Welcome to the NIDA Intramural Research Program (IRP) Web Site. This site contains descriptive information and representative recent publications of IRP Independent Investigators. We hope you will find it useful for learning about IRP research programs and for opportunities for participation in basic and clinical drug abuse research.
What is NIDA?
The National Institute on Drug Abuse (NIDA), part of the National Institutes of Health (NIH), is dedicated to understanding the causes, consequences and treatment of drug abuse. To meet this challenge, NIDA runs a research facility (Intramural Research Program, IRP) in East Baltimore whose mission is to better understand drug abuse and the many factors which may contribute to this enormous societal problem. We at NIDA understand the personal devastation caused by drug abuse and addiction, as well as its destruction of families and communities. Through research we hope to better understand the causes of this problem and develop new and more effective treatments.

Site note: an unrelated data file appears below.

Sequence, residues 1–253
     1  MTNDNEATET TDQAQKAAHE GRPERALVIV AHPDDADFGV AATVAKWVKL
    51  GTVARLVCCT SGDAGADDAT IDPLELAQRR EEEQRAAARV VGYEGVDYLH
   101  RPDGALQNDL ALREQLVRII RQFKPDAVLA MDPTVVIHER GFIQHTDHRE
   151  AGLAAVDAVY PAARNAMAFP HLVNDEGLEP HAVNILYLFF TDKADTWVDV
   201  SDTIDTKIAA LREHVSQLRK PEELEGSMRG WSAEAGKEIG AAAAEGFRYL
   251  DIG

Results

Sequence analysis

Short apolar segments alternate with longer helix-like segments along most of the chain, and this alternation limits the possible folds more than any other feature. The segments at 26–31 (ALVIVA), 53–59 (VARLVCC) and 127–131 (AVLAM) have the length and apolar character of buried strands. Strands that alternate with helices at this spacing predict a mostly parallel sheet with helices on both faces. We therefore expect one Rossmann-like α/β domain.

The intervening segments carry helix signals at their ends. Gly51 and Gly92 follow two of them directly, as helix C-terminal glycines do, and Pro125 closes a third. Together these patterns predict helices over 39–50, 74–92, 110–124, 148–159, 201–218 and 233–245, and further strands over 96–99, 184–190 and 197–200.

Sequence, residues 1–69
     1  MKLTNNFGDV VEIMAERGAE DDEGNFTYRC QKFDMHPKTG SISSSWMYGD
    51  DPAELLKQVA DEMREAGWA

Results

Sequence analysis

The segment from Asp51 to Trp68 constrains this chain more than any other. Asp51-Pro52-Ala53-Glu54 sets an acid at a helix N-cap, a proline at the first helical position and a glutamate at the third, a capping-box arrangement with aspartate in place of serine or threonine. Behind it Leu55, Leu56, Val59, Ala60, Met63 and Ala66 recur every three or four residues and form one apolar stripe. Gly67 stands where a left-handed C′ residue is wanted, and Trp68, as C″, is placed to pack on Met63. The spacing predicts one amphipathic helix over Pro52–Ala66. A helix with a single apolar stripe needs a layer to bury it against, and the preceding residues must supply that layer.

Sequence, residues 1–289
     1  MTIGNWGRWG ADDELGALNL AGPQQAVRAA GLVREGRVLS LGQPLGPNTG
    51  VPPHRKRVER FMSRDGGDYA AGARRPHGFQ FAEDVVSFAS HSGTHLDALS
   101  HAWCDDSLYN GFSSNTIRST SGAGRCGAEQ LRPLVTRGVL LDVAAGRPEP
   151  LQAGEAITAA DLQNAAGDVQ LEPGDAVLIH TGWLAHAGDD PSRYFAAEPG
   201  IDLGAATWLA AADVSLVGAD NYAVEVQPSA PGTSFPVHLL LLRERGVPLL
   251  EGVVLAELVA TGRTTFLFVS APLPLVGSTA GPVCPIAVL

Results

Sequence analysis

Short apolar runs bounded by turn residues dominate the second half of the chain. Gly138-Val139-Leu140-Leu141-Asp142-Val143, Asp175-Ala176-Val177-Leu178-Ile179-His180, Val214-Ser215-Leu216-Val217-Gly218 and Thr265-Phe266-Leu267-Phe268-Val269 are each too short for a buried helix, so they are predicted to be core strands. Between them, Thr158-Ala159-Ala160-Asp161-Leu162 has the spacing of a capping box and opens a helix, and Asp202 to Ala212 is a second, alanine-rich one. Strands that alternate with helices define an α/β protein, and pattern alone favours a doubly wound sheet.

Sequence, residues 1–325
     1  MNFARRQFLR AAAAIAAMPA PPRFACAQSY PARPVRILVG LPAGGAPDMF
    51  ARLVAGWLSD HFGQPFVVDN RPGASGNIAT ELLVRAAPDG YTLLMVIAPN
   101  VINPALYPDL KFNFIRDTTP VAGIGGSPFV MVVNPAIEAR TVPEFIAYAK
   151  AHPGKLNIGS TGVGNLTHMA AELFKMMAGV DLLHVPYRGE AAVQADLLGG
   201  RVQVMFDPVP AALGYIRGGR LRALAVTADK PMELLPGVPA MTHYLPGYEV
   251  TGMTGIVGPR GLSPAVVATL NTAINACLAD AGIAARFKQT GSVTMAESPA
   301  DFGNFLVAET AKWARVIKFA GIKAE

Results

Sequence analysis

The mission of the Intramural Research Program (IRP) of the National Institute on Drug Abuse is to conduct state-of-the-art research on basic mechanisms that underlie drug abuse and addiction, and to develop new methods for the treatment of drug abuse and addiction. Research is supported at the molecular, genetic, cellular, animal, and clinical levels and is conceptually integrated, highly innovative, and focused on major problems in the field. The long-term goal of the research is to better understand the biological and behavioral factors contributing to initiation, maintenance, and elimination of drug abuse and addiction (and associated diseases), and to translate this knowledge into improved strategies for preventing, treating, and reducing the negative consequences for the individual and for society caused by drug abuse and addiction. An important aspect of the program is the training of young investigators and career development of more experienced investigators in basic and clinical sciences related to drug abuse research.